Issue:  Vol. 48 / No. 3 / 18 January 2018

A working class heroine


Longtime community activist Morningstar Vancil is one of this year's grand marshals. (Photo: Jane Philomen Cleland)
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Truly showing the diversity of the LGBT community, Morningstar Vancil, a committed LGBT community activist who has served in a variety of political and cultural roles, will have her day in the spotlight as a grand marshal in Sunday's LGBT Pride Parade.

"I didn't think that I had a chance," said Vancil, 52, who said she was stunned when she heard from officials at the San Francisco LGBT Pride Celebration Committee.

A self-described working-class butch who is an immigrant of Filipino, Two-Spirit, and black negritos descent, Vancil has overcome substance abuse for the past 22 years and is currently fighting stage-3 cancer. It never entered her mind that she would be honored in this way.

"It's a big deal that I'm being recognized for the services that I did for the community," said Vancil.

"I'm hoping a lot of people will come and join me in the parade," she said, adding that many friends and colleagues, in particular LGBT Filipinos and Native Americans, will join her in her contingent as it marches down Market Street on June 24.


Quiet, steady service

For years, Vancil has quietly served the LGBT community, volunteering for a number of causes and sitting on numerous boards of community organizations.

"Every time I had a project to do I would call her and she would show up and work her tail off. She's a hard worker and always has been," said Marion Abdullah, her friend and partner in activism for more than 20 years.

"She's always involved in community ... she's always involved in something ever since I've known her," continued Abdullah, advocating that grassroots organizers need to be honored and recognized. "She deserves it. She has done all of this without a penny."

Abdullah herself was a community grand marshal in 2006.

Vancil is perhaps best known as a longtime member of the LGBT Advisory Committee of the San Francisco Human Rights Commission, one of the founding members of the Bay Area American Indian Two-Spirits, where she also served as an officer. She co-founded ForS/mWoC, and served as outreach chair of the Harvey Milk LGBT Democratic Club.

Vancil also served on the Pride Committee board.

Perhaps one of the least known acts of generosity that Vancil does is to buy tickets for disabled lesbian seniors so they can view the Pride Parade from the grandstands.

"Every year she gets these tickets to give to the seniors who are disabled for the disabled section. She gets that with her own money ... and she gives them to disabled lesbians so they can see the parade," said Abdullah.

Cancer hasn't stopped Vancil. It has only become a part of the repertoire of her LGBT activism that spans fighting for the rights of LGBT people of color and immigrants; human rights and peace are among the intersecting communities that she claims as her own.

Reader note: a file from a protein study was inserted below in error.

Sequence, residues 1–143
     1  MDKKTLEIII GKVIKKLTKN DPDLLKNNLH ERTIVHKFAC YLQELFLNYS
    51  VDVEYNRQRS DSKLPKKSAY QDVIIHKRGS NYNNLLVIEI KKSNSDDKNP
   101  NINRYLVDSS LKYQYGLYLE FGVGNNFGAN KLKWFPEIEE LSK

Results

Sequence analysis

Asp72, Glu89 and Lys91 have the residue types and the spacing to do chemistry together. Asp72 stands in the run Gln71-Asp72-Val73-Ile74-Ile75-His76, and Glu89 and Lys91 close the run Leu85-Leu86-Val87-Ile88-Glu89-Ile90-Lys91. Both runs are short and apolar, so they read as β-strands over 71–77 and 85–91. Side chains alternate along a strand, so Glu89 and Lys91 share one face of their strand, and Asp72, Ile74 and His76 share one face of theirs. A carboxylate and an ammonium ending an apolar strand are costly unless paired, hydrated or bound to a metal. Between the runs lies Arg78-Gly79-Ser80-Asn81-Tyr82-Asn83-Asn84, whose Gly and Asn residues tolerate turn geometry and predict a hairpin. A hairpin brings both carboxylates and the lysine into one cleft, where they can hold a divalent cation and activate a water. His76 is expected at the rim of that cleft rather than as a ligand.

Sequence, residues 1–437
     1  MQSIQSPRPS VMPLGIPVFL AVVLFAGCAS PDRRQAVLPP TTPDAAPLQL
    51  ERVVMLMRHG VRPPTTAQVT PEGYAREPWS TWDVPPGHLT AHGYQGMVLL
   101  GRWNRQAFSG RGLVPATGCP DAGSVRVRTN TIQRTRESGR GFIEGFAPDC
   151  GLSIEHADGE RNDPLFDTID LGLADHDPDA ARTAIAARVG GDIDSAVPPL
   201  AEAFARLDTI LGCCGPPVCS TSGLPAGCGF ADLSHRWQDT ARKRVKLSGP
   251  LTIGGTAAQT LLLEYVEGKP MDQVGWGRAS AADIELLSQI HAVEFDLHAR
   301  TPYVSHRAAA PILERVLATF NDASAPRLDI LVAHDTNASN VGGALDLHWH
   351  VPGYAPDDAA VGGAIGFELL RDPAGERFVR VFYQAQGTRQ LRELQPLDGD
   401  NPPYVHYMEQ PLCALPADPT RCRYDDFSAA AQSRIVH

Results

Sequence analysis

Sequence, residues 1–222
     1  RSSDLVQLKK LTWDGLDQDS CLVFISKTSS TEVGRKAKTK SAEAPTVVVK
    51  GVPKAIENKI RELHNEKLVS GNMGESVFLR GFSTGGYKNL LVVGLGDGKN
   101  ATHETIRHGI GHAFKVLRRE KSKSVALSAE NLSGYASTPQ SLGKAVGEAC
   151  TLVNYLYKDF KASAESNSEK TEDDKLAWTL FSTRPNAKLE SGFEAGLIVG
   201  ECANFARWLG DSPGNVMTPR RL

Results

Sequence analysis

Vancil is an active member of Fabled/Asp, an LGBT disabilities storytelling project that stands for Fabulous Activist Bay Area Lesbians with Disabilities/A Storytelling Project. She formerly served on the board of the American Cancer Society as its LGBT member.

As a U.S. veteran she currently serves as the women's commander of the Alexander Hamilton Post 448 of the American Legion, and was a longtime volunteer, she said. Post 448 is the country's predominantly LGBT American Legion Post for honorably discharged veterans of the armed forces, according to the organization's website. The post is based in San Francisco.

In addition to her activism, Vancil is an artist. In 2010, she made a film, Wild Strawberries, which told the story of a Cherokee elder and showing love through the symbolism of wild strawberries. The film screened at the Queer Women of Color Film Festival. The film, which was also captioned for the hearing impaired, as Vancil is, was an independent project separate from the QWOCMAP workshops. It then went on to show at the Native American Indian Film Festival the following year.

Her creative endeavors also include queer performance groups, such as Kreatibo, Butch Magic, Fat Bottom Revue, and Neshkinukat, according to her San Francisco Pride biography.


Humble beginnings

Born on a U.S. military base in the Philippines, Vancil immigrated to the U.S. in 1984 in order to gain political asylum, she said.

Raised by her grandmother she was taught to be her best and to do everything "out of kindness," she said. "Helping each other out makes the world go around," Vancil recalled her grandmother saying. She also taught Vancil not to devalue herself because she was different from the other children, she said.

When her grandmother passed away, Vancil found herself disowned by her family, she said. She struck out into the world, first living in Colorado where she trained to become a police officer. Her law enforcement career was dashed when she was caught in a gay bar and publicly outed. She soon found herself out of her chosen career, she said.

Vancil then moved to San Francisco in the late 1980s, "to be who I am and make a living," she said.

San Francisco is where she finally found home and her chosen family.

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